Common concerns about clinical trials

I don’t want to get a placebo instead of treatment.

In cancer treatment clinical trials, inactive treatments, or placebos, are never used in place of active cancer treatment. All patients on clinical trials will receive either the experimental treatment or the best known standard treatment.

In some randomized clinical trials, a placebo may be added to the standard treatment for comparison reasons. In this case, participants are divided into two groups, the control group and the new treatment group. The control group would receive the standard treatment plus a placebo (this is the same thing as receiving only the standard treatment) and the experimental group would receive the standard treatment plus the new drug.

I am worried about the side effects of an experimental drug.

The study doctor or nurse will fully explain the anticipated side effects that patients may experience due to the experimental drug. It is important to remember that all cancer treatments, including the standard treatment, may cause side effects. The degree to which a patient experiences side effects can range from mild to severe. However, side effects can often be managed successfully with the help of the healthcare team.

In a clinical trial, the doctor or nurse will closely monitor for side effects and help the patient manage his or her symptoms.

I am worried I will not be able to afford a clinical trial.

There are two types of financial costs that participants may encounter when participating in a clinical trial: research costs and routine medical care costs.

  • Research costs include anything specifically performed for the purpose of the trial. This may include the treatment or procedure being studied and required tests. In most cases, these costs are covered by the clinical trial sponsor. The trials may be funded, or sponsored, through public institutions such as the National Cancer Institute, or privately through pharmaceutical companies, foundations or academic medical centers.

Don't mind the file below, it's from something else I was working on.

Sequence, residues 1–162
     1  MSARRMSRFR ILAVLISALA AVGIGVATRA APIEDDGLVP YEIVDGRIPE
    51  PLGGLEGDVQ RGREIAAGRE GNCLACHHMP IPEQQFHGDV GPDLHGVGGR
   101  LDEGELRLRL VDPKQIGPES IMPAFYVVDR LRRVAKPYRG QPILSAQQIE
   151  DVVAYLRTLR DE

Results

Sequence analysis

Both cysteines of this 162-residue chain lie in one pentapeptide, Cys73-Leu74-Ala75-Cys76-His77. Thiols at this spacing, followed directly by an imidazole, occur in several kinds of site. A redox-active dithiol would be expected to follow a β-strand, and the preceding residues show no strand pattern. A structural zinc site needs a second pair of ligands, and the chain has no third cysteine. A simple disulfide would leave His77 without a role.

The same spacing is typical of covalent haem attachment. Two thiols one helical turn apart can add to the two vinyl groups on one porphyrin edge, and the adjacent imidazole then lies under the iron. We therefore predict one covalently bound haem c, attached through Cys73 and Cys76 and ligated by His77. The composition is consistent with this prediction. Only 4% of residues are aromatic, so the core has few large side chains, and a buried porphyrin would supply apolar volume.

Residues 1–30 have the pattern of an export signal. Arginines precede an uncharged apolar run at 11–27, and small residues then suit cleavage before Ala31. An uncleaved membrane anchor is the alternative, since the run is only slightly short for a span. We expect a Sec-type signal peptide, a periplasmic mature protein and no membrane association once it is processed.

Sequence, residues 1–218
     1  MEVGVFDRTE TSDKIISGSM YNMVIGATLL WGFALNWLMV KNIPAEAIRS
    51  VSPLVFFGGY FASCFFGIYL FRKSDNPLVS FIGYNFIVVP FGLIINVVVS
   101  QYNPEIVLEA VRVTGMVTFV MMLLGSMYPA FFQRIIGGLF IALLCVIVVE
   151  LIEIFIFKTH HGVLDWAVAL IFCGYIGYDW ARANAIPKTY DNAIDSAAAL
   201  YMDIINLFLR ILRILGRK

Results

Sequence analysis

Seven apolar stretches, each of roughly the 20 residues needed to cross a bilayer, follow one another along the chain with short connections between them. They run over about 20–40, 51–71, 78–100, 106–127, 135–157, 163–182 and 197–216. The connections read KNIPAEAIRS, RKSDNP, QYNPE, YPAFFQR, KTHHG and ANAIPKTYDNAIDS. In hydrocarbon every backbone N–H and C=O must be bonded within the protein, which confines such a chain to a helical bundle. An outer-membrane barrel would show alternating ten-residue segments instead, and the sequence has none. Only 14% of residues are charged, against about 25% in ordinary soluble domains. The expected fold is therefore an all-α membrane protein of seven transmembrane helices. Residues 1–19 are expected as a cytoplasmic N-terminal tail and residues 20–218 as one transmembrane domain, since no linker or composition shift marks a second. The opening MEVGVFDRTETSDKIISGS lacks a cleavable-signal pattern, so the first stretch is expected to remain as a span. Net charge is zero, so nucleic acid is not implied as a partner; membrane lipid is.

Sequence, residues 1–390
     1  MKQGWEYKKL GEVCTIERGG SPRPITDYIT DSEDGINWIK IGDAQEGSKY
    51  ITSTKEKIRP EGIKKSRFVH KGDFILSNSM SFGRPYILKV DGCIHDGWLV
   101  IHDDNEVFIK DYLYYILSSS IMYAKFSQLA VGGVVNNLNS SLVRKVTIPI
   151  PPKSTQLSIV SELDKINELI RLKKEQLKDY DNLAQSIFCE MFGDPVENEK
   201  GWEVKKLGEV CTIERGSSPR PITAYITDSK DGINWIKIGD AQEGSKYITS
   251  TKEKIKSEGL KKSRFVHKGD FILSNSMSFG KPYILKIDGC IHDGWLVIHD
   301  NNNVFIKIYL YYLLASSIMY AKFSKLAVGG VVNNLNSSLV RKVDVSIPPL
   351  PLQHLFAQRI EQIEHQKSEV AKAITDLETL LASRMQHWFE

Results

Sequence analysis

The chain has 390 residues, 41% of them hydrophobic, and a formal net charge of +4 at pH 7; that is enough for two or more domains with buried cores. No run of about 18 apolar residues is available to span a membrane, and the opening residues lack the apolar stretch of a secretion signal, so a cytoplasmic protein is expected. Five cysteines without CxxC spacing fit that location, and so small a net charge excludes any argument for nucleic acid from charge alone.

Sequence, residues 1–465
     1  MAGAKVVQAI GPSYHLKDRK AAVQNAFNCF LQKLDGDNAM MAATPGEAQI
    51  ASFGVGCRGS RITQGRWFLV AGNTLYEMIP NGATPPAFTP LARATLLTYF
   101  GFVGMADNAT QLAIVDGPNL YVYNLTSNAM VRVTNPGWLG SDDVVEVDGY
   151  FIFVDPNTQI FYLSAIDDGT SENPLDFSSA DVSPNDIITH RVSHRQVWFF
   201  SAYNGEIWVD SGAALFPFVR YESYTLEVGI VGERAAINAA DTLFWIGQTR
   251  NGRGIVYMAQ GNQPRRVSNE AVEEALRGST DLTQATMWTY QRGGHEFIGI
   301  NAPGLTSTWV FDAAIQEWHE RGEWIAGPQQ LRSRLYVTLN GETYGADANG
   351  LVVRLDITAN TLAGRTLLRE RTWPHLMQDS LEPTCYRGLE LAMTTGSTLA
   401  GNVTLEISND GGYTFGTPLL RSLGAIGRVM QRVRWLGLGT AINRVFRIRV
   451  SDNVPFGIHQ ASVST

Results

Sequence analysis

• Routine medical care costs include services and procedures that participants would typically receive whether or not they participate in a trial. Routine medical care may include diagnostic procedures, office visits, standard treatment and hospital admissions. The coverage for these costs varies according to state, person and health plan.  Typically, the patient and his/her insurance plan is responsible for these costs.  Starting in 2014, the Affordable Care Act (ACA) requires all self-funded and fully insured health plans to provide coverage for routine medical costs for individuals who participate in an approved clinical trial. The requirement does not apply to grandfathered plans. Grandfathered plans are health plans that were in place when ACA was signed into law.

Financial costs should be discussed with the clinical trial coordinator and the patient’s insurance company before enrolling in a pancreatic cancer clinical trial.

The Pancreatic Cancer Action Network’s Patient and Liaison Services (PALS) program maintains a comprehensive database containing up-to-date information about all pancreatic cancer clinical trials taking place in the United States. We offer personalized clinical trial searches so that patients can find trials for which they may be eligible.

Let us help you find a clinical trial that may be right for you!


The Pancreatic Cancer Action Network recommends that all patients consider clinical trials when exploring treatment options.

Clinical trials overview
Learn about pancreatic cancer clinical trials
How does a new treatment get FDA approval?
What rights and protections do participants have in a clinical trial?
Benefits and considerations


Information provided by the Pancreatic Cancer Action Network, Inc. (“PanCAN”) is not a substitute for medical advice, diagnosis, treatment or other health care services. PanCAN may provide information to you about physicians, products, services, clinical trials or treatments related to pancreatic cancer, but PanCAN does not recommend nor endorse any particular health care resource. In addition, please note that any personal information you provide to PanCAN’s associates during telephone and/or email communications may be stored and used to help PanCAN achieve its mission of assisting patients with, and finding cures and treatments for, pancreatic cancer. Stored constituent information may be used to inform PanCAN programs and activities. Information also may be provided in aggregate or limited formats to third parties to guide future pancreatic cancer research and treatment efforts. PanCAN will not provide personal directly identifying information (such as your name or contact information) to such third parties without your prior written consent unless required or permitted by law to do so.